These rules aren't limited to well construction; they also touch on well testing and how far apart wells must be drilled to reduce chances that fracking-related ruptures become conduits for petroleum to "migrate" into a neighboring well.
At a daylong fracking symposium Tuesday in Long Beach, DOGGR's chief deputy, Rob Habel, told a group of mostly hydrogeologists and other water professionals that ensuring zonal isolation is more important to regulators than knowing what chemicals are contained in fracking fluids injected underground.
"Our main intent is going to be making sure that (fracking fluids are) confined to the zones," he said.
Habel added that the issue of how to regulate fracking has been a controversial topic in a recent series of listening sessions intended to gather comment for new rules coming as soon as next year. He said the industry has criticized potential new reviews as "draconian" even as environmentalists call them insufficient.
"We're going to have to do a balancing act to meet everyone's comments and concerns," he said.
DOGGR's former top regulator in Bakersfield, Randy Adams, asserted that any new rules focused on zonal isolation would amount to a continuation of existing policy.
A more significant development, Adams said, will likely be greater disclosure of fracking details.
"What will change is the tracking mechanism (to show) what's being fracked and where," he said.
Regulation via disclosure
While Adams and others suspect DOGGR will require such data in its new rules (the agency recently asked oil field operators to volunteer that information), one state lawmaker is working to mandate fracking disclosure on the legislative side.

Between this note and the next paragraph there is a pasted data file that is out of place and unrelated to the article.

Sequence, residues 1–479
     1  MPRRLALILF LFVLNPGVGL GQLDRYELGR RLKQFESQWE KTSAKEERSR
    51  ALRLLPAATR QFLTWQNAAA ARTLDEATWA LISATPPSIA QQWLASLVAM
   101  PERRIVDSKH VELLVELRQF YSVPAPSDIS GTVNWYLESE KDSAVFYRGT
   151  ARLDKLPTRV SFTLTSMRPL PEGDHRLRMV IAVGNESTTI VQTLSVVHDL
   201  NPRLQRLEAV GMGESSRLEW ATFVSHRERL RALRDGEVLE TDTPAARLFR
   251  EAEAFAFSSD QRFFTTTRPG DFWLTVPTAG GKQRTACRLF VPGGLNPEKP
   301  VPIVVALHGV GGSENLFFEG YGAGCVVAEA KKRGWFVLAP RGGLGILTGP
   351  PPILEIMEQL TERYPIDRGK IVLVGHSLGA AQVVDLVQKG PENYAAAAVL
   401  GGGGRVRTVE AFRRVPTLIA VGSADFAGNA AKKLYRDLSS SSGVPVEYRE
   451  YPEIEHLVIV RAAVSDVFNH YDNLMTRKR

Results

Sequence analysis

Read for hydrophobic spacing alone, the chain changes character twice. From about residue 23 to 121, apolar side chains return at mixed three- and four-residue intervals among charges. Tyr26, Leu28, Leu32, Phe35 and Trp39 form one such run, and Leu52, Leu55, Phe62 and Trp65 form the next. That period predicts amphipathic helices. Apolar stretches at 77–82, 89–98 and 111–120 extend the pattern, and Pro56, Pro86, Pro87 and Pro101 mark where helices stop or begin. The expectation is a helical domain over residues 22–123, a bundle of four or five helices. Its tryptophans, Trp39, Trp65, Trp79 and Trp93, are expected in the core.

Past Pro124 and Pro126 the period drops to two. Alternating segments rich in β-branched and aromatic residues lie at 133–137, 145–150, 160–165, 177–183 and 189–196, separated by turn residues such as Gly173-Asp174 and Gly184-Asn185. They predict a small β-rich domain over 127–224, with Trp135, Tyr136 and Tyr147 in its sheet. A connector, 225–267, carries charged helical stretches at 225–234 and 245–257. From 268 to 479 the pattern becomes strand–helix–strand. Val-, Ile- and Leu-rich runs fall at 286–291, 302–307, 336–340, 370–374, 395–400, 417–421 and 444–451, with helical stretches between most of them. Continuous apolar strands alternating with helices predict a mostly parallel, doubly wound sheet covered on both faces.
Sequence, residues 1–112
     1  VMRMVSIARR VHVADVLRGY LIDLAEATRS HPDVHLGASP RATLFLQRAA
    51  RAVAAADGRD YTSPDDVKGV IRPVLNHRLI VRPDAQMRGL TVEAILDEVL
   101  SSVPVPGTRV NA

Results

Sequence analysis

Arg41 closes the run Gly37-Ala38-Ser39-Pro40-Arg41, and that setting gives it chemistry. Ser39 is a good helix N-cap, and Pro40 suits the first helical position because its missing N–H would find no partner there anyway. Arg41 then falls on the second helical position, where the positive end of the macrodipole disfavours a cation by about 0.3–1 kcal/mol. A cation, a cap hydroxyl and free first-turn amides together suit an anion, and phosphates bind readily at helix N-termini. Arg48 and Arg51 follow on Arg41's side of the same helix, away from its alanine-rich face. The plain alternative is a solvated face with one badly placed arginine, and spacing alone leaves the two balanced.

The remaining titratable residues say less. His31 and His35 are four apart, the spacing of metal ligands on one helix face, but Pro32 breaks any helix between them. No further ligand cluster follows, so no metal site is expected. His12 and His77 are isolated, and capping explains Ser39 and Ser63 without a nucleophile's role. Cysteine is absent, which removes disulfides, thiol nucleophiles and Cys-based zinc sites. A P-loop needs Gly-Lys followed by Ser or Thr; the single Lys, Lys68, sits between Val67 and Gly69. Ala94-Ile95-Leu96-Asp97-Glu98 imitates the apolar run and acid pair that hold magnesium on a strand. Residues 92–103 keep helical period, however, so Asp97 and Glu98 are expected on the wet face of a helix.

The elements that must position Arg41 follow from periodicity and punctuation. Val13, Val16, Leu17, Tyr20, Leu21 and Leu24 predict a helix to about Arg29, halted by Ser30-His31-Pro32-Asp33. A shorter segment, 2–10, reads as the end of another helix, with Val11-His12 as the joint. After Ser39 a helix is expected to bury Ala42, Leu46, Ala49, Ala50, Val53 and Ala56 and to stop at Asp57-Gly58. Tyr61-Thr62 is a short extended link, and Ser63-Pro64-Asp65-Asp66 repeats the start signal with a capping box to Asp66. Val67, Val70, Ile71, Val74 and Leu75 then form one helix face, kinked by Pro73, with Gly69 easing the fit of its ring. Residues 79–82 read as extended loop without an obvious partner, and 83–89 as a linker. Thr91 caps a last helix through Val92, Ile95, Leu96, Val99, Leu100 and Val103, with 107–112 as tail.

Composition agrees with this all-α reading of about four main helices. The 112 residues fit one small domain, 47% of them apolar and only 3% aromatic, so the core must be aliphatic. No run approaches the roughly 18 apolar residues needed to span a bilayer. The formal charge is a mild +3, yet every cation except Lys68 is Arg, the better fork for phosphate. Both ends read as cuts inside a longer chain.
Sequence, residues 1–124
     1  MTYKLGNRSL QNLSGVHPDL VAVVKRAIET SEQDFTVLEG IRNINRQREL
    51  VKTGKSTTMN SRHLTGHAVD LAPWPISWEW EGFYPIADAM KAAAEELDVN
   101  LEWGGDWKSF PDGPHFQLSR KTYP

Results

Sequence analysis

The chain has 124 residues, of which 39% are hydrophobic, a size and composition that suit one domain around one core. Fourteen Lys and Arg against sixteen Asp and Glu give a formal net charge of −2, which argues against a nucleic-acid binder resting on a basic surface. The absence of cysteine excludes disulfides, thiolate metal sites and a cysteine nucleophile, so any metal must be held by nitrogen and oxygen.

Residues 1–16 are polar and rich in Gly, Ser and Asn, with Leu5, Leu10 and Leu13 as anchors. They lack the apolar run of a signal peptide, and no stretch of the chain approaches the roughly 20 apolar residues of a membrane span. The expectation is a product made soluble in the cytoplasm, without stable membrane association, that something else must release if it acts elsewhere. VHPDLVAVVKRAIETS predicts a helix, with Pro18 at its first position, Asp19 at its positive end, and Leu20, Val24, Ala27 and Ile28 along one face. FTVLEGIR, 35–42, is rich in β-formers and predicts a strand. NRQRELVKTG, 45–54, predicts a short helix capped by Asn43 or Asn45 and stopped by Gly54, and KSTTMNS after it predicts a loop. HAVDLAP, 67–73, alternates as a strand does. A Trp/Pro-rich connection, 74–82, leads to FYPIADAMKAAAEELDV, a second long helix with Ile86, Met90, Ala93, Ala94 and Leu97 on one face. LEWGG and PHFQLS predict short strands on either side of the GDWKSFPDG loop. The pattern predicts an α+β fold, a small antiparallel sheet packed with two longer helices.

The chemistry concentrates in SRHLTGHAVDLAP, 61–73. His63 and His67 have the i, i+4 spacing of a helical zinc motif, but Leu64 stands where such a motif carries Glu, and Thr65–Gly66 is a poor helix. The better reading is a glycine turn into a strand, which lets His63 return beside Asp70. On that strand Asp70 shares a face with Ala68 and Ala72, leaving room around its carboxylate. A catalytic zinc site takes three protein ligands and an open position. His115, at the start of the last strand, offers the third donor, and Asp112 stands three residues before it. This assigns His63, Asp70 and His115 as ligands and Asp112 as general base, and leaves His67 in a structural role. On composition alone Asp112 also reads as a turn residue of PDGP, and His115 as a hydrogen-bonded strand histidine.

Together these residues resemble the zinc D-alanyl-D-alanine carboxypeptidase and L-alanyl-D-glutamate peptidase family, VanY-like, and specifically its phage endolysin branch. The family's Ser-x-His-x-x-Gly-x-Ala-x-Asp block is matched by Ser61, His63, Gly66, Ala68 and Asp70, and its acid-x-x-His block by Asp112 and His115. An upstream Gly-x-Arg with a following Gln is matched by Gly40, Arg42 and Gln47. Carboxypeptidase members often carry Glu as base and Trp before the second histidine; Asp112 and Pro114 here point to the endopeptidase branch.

AB 591, a bill proposed by Assemblyman Bob Wieckowski, D-Fremont, would force oil companies to divulge fracking details including where and when they frack and how much water is used in the process.
Speaking at Tuesday's symposium, the assemblyman said the bill reflects his efforts to reach out and balance environmentalists' skepticism of fracking with the industry's needs.
"I don't want to shut down all oil production in the state of California. The people in Kern County would have a heart attack," he told a lunchtime audience of about 100.
He added that the bill would represent a "baby step" and that further regulation of fracking could come later.
Industry spokesman Rock Zierman, CEO of the California Independent Petroleum Association, said he supports the kind of disclosure contained in Wieckowski's bill, and he expressed confidence that the legislation would soon become law.
Giving the public more information about fracking helps prove the industry's contention that the practice is not dangerous, Zierman said.
He emphasized that fracking has been integral to Kern County's economic well-being.
"Before we go and hurt that in any way, we'd better be sure that there is a problem" with fracking, he said. "And that hasn't been demonstrated."